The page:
How to Kill the Goose that Lays the Golden Eggs
Chrystia Freeland, editor of Thomson Reuters Digital and the author of “Plutocrats: The Rise of the New Global Super-Rich and the Fall of Everyone Else”:
In the early 14th century, Venice was one of the richest cities in Europe. At the heart of its economy was the colleganza, a basic form of joint-stock company created to finance a single trade expedition. The brilliance of the colleganza was that it opened the economy to new entrants, allowing risk-taking entrepreneurs to share in the financial upside with the established businessmen who financed their merchant voyages.
Venice’s elites were the chief beneficiaries. Like all open economies, theirs was turbulent. Today, we think of social mobility as a good thing. But if you are on top, mobility also means competition. In 1315, when the Venetian city-state was at the height of its economic powers, the upper class acted to lock in its privileges, putting a formal stop to social mobility with the publication of the Libro d’Oro, or Book of Gold, an official register of the nobility. If you weren’t on it, you couldn’t join the ruling oligarchy.
The political shift, which had begun nearly two decades earlier, was so striking a change that the Venetians gave it a name: La Serrata, or the closure. It wasn’t long before the political Serrata became an economic one, too. Under the control of the oligarchs, Venice gradually cut off commercial opportunities for new entrants. Eventually, the colleganza was banned. The reigning elites were acting in their immediate self-interest, but in the longer term, La Serrata was the beginning of the end for them, and for Venetian prosperity more generally. By 1500, Venice’s population was smaller than it had been in 1330. In the 17th and 18th centuries, as the rest of Europe grew, the city continued to shrink.
The story of Venice’s rise and fall is told by the scholars Daron Acemoglu and James A. Robinson, in their book “Why Nations Fail: The Origins of Power, Prosperity, and Poverty,” as an illustration of their thesis that what separates successful states from failed ones is whether their governing institutions are inclusive or extractive. Extractive states are controlled by ruling elites whose objective is to extract as much wealth as they can from the rest of society. Inclusive states give everyone access to economic opportunity; often, greater inclusiveness creates more prosperity, which creates an incentive for ever greater inclusiveness.
In Why Nations Fail, Acemoglu and Robinson outline a theory of how economic and political institutions shape the fate of human societies. They reinterpret the rise and fall of civilizations throughout history, showing how differences in institutions interact with changing circumstances to produce development or stagnation…
“Countries differ in their economic success because of their different institutions, the rules influencing how the economy works, and the incentives that motivate people,” write Acemoglu and Robinson… Poverty is not an accident: “[P]oor countries are poor because those who have power make choices that create poverty.” Therefore, Acemoglu and Robinson argue, it is ultimately politics that matters…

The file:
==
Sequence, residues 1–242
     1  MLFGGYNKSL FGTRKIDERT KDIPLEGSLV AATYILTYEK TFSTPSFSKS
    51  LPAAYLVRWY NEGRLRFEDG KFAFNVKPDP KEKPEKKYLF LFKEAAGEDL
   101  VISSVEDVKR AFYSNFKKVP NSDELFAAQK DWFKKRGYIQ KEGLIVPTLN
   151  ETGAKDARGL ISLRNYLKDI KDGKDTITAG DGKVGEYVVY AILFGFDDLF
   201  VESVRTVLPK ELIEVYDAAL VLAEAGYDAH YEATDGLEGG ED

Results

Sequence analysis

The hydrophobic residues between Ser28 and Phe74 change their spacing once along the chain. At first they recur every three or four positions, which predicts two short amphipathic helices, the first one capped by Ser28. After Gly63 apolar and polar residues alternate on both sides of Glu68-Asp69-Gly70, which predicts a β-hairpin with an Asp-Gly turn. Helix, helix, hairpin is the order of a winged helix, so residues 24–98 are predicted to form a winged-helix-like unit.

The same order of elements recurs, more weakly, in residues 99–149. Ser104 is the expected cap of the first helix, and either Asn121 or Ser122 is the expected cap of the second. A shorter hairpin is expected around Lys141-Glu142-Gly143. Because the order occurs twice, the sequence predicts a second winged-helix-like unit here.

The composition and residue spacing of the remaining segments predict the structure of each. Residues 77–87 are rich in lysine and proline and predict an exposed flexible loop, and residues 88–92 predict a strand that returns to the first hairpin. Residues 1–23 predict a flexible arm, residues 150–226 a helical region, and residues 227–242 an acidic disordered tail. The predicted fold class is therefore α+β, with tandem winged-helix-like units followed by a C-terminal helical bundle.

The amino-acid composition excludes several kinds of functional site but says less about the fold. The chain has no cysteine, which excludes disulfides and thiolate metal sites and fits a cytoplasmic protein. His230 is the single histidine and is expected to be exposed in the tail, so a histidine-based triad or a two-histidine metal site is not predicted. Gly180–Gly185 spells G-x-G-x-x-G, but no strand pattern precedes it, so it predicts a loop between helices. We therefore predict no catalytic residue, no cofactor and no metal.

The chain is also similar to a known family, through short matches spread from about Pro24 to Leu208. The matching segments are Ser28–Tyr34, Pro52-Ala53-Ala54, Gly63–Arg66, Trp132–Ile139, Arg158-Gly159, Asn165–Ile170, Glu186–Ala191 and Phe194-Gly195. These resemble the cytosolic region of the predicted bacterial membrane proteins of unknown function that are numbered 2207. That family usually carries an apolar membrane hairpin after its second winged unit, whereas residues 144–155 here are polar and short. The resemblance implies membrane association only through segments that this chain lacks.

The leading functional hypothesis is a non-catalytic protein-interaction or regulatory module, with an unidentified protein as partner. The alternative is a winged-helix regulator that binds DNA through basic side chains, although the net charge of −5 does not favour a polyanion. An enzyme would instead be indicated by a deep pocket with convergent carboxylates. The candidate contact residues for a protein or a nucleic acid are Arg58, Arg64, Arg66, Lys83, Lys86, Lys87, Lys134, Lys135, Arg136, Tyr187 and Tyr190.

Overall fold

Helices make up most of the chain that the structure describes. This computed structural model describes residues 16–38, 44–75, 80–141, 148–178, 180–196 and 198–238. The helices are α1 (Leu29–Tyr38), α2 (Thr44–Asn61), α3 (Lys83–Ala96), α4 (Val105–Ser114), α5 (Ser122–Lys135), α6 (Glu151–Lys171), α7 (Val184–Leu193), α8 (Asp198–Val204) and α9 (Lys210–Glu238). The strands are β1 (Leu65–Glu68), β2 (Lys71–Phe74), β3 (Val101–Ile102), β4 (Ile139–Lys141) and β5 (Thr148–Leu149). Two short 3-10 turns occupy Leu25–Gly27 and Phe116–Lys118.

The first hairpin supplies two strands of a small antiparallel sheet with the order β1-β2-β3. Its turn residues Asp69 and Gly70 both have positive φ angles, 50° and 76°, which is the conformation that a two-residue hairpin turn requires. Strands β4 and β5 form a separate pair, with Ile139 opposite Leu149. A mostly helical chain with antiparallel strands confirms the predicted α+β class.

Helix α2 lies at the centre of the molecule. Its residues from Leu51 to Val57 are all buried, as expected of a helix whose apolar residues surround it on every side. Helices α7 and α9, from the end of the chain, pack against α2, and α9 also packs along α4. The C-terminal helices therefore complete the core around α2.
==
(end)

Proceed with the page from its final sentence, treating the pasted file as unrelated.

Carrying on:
In Why Nations Fail, states are often controlled by elites whose top priority is maintaining their own power, which means rigging both political and economic institutions in their favor…
The financial crisis and its aftermath recently revealed how tilted our economic and political playing fields can be. During the past three decades, large financial institutions rewrote their regulations, exploited the new rules to generate enormous profits, and poured a share of those profits back into politics. When several of these institutions collapsed after an orgy of creating, repackaging, and reselling mortgages, the federal government rushed to shore them up; many homeowners who took out those mortgages lost their houses to the same banks, leaving the impression that Washington is in Wall Street’s pocket.
The power of the financial sector is only one example of the broader threat to our inclusive political institutions: namely, the ability of the economic elite to translate their enormous fortunes directly into political power. In the wake of the Supreme Court’s 2010 decision in Citizens United, super PACs can mobilize unlimited amounts of money…
Are we likely to go the way of Venice?… Acemoglu recently said, “We need noisy grassroots movements to deliver a shock to the political system,” citing both the Tea Party and Occupy Wall Street as potentially helpful developments. As he recognized, however, the one with more staying power—the Tea Party—has been co-opted by well-funded, elite-dominated groups (including Americans for Prosperity). If a popular movement can be bankrolled as easily as an attack ad, it is hard to see what money can’t buy in politics.
The next test for America will be whether our political system can fend off the power of money and remain something resembling a real democracy—or whether it will become a playground where a privileged elite works out its internal squabbles.